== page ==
This section is from the book "The Standard Cyclopedia Of Horticulture Vol2", by L. H. Bailey. See also: Western Garden Book: More than 8,000 Plants - The Right Plants for Your Climate - Tips from Western Garden Experts.
Under one head it is thought best to bring together the discussions of the so-called enemies of plants, - the parasitic fungi and the depredating insects, together with the means of control. This composite article therefore comprises:
Fig. 1278. Disanthus cercidifolius. (X 1/3)
Diseases due to parasitic fungi....
Fungicides, or remedies for these diseases....
Catalogue of diseases, with advice...........
Insects and their depredations on plants......
Catalogue of insect depredators, with advice......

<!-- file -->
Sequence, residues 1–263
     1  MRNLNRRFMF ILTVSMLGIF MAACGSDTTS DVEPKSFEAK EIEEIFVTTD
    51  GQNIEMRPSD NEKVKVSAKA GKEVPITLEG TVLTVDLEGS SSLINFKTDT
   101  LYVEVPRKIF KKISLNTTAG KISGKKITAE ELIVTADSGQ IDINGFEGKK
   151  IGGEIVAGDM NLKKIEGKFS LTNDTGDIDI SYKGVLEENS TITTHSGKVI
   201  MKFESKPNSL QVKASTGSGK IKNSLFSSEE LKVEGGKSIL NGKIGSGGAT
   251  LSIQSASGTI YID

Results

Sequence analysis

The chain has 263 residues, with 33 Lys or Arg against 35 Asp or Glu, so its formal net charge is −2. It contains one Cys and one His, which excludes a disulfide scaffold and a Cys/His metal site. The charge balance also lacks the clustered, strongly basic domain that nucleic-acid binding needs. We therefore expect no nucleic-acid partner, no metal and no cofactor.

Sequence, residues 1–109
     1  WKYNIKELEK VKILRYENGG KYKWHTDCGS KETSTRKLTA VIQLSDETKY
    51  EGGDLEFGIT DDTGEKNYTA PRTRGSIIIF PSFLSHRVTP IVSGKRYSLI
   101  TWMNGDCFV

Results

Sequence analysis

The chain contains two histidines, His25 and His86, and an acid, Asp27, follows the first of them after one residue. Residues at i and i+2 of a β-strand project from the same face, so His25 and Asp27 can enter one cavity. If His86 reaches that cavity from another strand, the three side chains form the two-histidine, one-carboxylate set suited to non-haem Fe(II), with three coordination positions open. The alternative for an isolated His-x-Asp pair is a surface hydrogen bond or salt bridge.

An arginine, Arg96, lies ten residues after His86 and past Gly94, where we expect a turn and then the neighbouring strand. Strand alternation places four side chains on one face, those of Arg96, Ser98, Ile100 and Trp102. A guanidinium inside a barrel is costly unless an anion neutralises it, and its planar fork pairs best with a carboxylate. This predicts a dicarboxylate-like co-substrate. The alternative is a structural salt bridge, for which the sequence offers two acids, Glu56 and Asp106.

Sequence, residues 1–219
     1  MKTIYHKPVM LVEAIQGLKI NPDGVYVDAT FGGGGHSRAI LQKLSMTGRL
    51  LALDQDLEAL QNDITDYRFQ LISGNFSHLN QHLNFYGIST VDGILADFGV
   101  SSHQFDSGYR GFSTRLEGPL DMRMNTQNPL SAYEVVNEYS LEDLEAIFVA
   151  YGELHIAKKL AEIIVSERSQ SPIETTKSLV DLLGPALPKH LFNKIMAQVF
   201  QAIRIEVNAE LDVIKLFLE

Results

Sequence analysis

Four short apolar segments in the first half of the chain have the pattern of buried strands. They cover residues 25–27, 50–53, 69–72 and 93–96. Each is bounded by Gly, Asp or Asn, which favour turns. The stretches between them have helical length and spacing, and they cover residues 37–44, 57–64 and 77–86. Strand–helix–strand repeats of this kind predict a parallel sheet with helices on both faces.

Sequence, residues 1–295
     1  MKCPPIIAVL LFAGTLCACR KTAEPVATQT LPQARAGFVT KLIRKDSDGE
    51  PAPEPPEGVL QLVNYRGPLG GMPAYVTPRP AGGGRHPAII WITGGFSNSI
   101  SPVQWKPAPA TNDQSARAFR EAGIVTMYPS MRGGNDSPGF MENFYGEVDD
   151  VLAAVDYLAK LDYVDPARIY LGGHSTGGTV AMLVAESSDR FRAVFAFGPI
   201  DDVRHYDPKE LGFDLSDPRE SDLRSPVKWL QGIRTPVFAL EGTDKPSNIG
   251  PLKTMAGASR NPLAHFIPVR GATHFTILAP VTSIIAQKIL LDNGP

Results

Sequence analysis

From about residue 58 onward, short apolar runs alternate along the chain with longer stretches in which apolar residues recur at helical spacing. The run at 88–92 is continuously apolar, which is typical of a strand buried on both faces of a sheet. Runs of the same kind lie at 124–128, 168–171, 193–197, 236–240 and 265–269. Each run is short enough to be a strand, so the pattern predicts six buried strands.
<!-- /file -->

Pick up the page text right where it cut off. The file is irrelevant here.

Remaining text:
The reader now has before him a comprehensive survey of the subject. It is impossible, of course, to list all the plant diseases and all the insect pests in a compilation of this kind; but it is desired that the catalogues shall comprise the most important depredators of the leading horticultural plants. The reader should keep himself informed of the new knowledge and new practice by consulting current publications of the government and the experiment stations.
Disease in plants may be defined as any derangement or disorganization of the normal structure or physiological functions of the plant, as for example the formation of galls, cankers or distortions, rotting of plant parts, or disturbances in the sap system resulting in wilting, or in the nutritive processes resulting in such symptoms as dwarfing, chlorosis, and the like. Forms of plant diseases are shown in Figs. 1279-1292.